Aug 20 2010 2:52 pm

it's dumb in its bigness

It’s like that time John Lurie added me as a friend on Myspace because I had him listed as my hero.  It felt that cool.  But then again, who uses Myspace anymore?  So now I guess John Lurie will have to add me as a friend on Facebook.  Either way, the article about him in the latest New Yorker is pretty weird, but it also contains a refreshingly straightforward perspective on what makes good art good.

And Frank could have used that perspective last week when, after his small show at the Open Concept Gallery in Grand Rapids was poorly received by critics, he locked himself in his one bedroom apartment for a week living primarily on reds, vitamin C, and cocaine.  Of course he was thrilled to even get the show in the first place, what with all the wet sex and profanity, but he’d shown at some other galleries around west Michigan and showing only goes so far.  And of course he was thrilled that the critics came at all, but he’d had critics come before and any press is good press only goes so far.


When Lisa showed up on the eighth day and forced her way into his apartment she found a man reduced.  He was sweating and pale and tired on the couch sitting with a pea green afghan over his knees in front of a pile of pizza boxes and cigarette butts.  He stared at the floor.  Lisa said, “Let’s go.  It’s been a week and you are being a piece of shit.  This is not attractive Frank.  It’s not attractive on many levels.”  Frank nodded and tilted down slowly to his side, barely moving his legs to curl into the fetal position.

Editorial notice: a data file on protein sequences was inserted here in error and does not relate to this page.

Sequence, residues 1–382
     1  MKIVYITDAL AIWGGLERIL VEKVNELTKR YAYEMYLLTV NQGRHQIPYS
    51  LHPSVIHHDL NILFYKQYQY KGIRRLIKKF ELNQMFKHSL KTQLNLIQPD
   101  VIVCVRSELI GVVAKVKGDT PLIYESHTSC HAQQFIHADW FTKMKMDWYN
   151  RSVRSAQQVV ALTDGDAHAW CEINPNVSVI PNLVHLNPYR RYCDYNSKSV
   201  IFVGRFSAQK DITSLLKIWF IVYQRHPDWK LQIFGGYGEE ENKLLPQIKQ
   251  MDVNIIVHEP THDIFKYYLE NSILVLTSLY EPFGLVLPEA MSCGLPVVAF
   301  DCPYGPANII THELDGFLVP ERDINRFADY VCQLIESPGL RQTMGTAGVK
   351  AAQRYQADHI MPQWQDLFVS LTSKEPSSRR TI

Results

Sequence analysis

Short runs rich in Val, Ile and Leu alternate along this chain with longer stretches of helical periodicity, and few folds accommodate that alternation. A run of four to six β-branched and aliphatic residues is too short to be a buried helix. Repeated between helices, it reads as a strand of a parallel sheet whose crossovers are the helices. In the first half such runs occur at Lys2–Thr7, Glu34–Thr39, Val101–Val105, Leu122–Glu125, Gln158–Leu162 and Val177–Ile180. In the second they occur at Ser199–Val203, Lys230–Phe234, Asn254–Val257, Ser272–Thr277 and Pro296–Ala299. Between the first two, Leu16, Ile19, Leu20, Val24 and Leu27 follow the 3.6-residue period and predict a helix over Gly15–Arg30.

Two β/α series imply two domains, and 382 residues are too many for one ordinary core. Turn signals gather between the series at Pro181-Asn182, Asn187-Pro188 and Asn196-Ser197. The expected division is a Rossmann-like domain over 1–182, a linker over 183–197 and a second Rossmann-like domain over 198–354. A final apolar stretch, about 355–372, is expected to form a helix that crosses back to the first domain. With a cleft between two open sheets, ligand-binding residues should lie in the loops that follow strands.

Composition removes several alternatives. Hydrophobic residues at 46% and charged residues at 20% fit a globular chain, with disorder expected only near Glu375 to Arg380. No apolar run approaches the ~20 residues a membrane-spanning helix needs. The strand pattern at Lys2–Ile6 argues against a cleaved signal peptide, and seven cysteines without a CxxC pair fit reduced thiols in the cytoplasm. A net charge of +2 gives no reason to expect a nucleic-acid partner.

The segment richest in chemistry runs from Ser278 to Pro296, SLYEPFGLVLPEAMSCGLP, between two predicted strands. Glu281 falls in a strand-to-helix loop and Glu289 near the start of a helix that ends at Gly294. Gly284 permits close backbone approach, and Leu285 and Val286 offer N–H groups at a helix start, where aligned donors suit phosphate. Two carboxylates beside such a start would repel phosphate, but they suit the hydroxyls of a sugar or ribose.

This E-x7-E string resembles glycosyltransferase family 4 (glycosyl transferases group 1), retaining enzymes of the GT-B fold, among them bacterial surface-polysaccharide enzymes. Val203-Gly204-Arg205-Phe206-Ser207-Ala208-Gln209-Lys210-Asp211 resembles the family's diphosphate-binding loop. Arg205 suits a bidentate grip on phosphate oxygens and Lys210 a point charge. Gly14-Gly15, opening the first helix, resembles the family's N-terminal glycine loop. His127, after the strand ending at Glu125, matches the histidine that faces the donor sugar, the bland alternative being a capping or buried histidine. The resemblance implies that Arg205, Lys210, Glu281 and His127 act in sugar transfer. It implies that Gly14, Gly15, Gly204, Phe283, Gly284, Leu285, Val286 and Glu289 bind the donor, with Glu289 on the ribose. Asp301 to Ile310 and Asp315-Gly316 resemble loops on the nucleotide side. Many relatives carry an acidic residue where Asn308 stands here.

Lisa, standing with hands on hips, sighed heavily and with a shuffling of purse and clanging of keys dumped all her gerunds and stomped across the room and opened the curtains and the light streamed in through the dust and Frank squinted and then closed his eyes.  Lisa said, “What fucking right do you have to be so depressed?  You made bad art.  So fucking what.  Deal with it.  You’re a single man without a care in the world making a living as an artist.  So you won’t win ArtPrize.  You also don’t have cancer, your wife won’t get hit by a car, and you won’t die of dysentery in a remote, flood ravaged village in the Punjab.  So buck up and let’s go out.  If you get a shower and smile I may even suck your dick.”

Lisa was raised in Dallas or Houston, I’m not sure, whichever one has the natural gas wells downtown.  She was raised on a cul de sac with a very nice yard and very nice edging and very nice mulching and only average hedge trimming.  They took a two week vacation in Colorado every year where they would fly fish and ride bikes and stay in a condo on the side of a ski mountain and Lisa remembered thinking it was the weirdest thing when she was a kid to go to a ski mountain in the summer.  

Her neighborhood in Texas was wide open and hot and there was every convenience nearby.  Starbucks and Kohls and Applebees and Best Buy and Barnes and Noble and Home Depot.  She would just hop in her daddy’s car and down the divided highway they’d go except one time when her daddy was really drunk.  Then they barely made it out of their subdivision because he hit one of the neighbors with his car and that neighbor was very bloody and died in the street.  


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